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This DIY HIV Testing Kits Might Just Save You Before The Problem Gets Worse, Find Out How

By Sai , Jan 12, 2017 05:54 PM EST
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With the continuously rising rates of HIV cases, a significant number of surveys had shown that a lot of people are still unaware of that they are infected with the virus. Recently, the South African Pharmacy Council (SAPC) Register, together with chief executive officer Amos Masango has revealed that a do-it-yourself HIV/Aids testing kits will soon be available in pharmacies especially for those who are afraid of the stigma and also to increase awareness.

The DIY HIV Testing Kits

In one of his statements reported by IOL, Masango explains that the initial ban on the HIV self-testing kits has officially been lifted with the aim of binding pharmacists to highlight to their customers that should they be tested positive at home, it is a must for them to have a second HIV test for confirmation purposes. He adds the need of these pharmacists to ensure that the customer is capable to interpret the results of the test, while also remembering that the results are not conclusive since they would still need to go to a medical practitioner before finally confirming the results.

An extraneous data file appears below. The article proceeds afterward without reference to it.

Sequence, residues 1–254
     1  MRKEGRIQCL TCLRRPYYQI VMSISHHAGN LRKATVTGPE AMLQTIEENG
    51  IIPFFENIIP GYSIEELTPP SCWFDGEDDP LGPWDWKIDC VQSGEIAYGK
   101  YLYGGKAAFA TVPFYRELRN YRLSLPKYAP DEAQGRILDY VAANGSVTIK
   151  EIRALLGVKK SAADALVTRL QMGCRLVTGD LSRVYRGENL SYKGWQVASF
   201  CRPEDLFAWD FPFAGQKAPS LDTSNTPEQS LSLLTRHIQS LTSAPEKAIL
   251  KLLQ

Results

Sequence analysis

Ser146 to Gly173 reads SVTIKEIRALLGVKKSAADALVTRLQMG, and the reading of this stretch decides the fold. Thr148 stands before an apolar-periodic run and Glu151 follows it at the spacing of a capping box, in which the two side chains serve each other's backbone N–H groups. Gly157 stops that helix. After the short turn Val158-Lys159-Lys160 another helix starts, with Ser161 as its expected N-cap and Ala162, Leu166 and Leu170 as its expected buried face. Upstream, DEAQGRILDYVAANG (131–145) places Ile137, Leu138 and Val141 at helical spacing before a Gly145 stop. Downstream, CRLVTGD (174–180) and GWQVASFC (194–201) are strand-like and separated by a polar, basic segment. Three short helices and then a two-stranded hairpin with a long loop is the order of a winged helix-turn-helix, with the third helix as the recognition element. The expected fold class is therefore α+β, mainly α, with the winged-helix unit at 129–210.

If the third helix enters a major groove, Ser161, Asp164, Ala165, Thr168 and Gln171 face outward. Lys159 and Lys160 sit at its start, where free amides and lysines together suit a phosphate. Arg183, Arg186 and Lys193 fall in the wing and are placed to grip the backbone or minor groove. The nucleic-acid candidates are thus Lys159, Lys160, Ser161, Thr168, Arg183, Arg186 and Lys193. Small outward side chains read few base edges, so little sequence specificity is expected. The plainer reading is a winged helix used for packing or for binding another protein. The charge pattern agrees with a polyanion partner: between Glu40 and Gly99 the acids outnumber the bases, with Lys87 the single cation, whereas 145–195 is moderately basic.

Meanwhile, as per Times Live, deputy director of the Wits Reproductive Health and HIV Institute, Francois Venter, has also revealed that for those online retailers such as Takealot, they would only be selling World Health Organization-approved HIV home-test kits that allegedly use a pinprick of blood to immediately give the results within 15 minutes. Furthermore, the deputy director along with other health experts said that the kits are considerably accurate since it has the ability to provide a 99 percent accuracy. It was found that in line with UN goals with regards to HIV, the government plans to have 90% of people to become aware of their HIV status, and 90% of HIV-positive people on treatment, by 2020. Ultimately, senior programme manager at the Reproductive Health and HIV Institute at Wits, Michelle Moorhouse has also revealed that there's no harm in self-testing since it is rather considered as empowering and studies that were done so far have demonstrated it is safe.

              

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